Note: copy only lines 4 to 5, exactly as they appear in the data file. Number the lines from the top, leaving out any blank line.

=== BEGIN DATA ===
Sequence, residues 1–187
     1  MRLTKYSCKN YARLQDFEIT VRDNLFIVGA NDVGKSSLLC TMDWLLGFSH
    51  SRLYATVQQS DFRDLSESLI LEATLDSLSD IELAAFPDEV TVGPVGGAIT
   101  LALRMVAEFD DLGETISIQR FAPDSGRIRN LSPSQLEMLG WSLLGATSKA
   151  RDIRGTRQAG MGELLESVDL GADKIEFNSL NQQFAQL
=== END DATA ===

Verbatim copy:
   101  LALRMVAEFD DLGETISIQR FAPDSGRIRN LSPSQLEMLG WSLLGATSKA
   151  RDIRGTRQAG MGELLESVDL GADKIEFNSL NQQFAQL